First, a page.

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Chicago Police arrest school closing protesters camped outside Rahm Emanuel’s office

Parents educators community activists protest against closing CPS schools outside City Hall Friday November 2 2012. I Stacie Scott~Sun-Times Media

Parents, educators and community activists protest against the closing of CPS schools outside of City Hall on Friday, November 2, 2012. I Stacie Scott~Sun-Times Media

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Updated: December 4, 2012 6:17AM

Chicago Police arrested protesters Friday night who camped outside Mayor Rahm Emanuel’s Fifth Floor office in City Hall to call attention to school closings.

Police said “several” people were arrested after refusing to leave. Chicago Teachers Union Vice-President Jesse Sharkey said police hauled away 10 people at about 10 p.m.

The protest began late Friday afternoon outside City Hall’s La Salle Street entrance.

“No more school closings,” they hollered hours after the Chicago Public Schools announced a new plan to figure out which school buildings to close and which to merge.

Their number grew to more than 100, their chants more elaborate, “Hey Rahm, we’re no fool, you will not close our schools,” as they made their way up to the Fifth Floor and parked outside the mayor’s office.

The protesters, in red Chicago Teachers Union and blue Action Now T-shirts , kept up the chant outside the mayor’s office. Earlier this week. Mayor Rahm Emanuel reiterated his plan to close some schools. The activists accuse the mayor of closing neighborhood schools so he can hand them over to charter operators.

“We have to let Rahm know we’re here,” a man yelled out. “We here, Rahm!”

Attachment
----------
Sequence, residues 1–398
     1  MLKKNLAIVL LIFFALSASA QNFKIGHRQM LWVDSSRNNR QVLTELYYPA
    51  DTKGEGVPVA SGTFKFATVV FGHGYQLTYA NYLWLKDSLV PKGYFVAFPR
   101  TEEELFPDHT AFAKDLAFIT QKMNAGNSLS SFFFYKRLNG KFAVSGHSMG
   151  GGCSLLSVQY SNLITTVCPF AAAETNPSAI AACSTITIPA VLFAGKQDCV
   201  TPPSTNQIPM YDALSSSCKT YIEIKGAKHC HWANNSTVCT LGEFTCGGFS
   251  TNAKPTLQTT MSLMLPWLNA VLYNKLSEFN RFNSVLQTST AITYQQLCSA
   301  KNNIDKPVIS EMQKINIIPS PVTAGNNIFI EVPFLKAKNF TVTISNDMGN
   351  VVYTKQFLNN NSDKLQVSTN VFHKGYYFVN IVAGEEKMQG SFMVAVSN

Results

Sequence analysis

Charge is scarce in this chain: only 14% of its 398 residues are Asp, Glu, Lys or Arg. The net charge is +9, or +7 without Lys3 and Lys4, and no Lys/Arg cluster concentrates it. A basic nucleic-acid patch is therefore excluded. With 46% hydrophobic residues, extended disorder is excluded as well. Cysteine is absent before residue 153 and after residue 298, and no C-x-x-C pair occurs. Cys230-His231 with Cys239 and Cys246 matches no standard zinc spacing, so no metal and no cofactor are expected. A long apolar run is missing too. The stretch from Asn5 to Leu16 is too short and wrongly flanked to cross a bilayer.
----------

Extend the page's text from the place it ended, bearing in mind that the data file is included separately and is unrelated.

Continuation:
“Let’s be honest. If you are closing public schools because there aren’t enough kids, then why are you opening 60 new charter schools?” asked Windy Pearson of Action Now. “. . . Their real agenda is to privatize our schools. CPS and Mayor Emanuel want to do to our schools what Mayor [Richard M.] Daley did to parking meters.”

Pauline Lipman, a University of Illinois at Chicago professor and member of Teachers For Social Justice, said underutilization in regular neighborhood schools was “created.”

“Low enrollment doesn’t just happen,” she said. “CPS under-enrolls schools. They draw away students from neighborhood schools by surrounding them with charters.

“We want a moratorium, not just a phony community process,” Lipman said, referring to the CPS plan to seek advice on school closings from a panel of community members.

Aquila Griffin is a student at Dyett High School, a neighborhood school that’s being phased out. It didn’t get a new freshman class this year. Nor does it have a librarian or Advanced Placement classes, either, she said.

“My message to our mayor and Barbara Byrd-Bennett is we are not collateral damage,” she said. “CPS has to answer for ignoring the voice of the peoplemost impacted.”

About 5 p.m., as Chicago Police said the building was closing, about 50 protesters sat down and demanded a meeting with Emanuel . By 7 p.m., Jitu Brown, of the Kenwood Oakland Community Organization, said protesters were refusing to meet with Beth Swanson, the mayor’s deputy for education, or anyone else except the mayor, and they would stay all night if need be.

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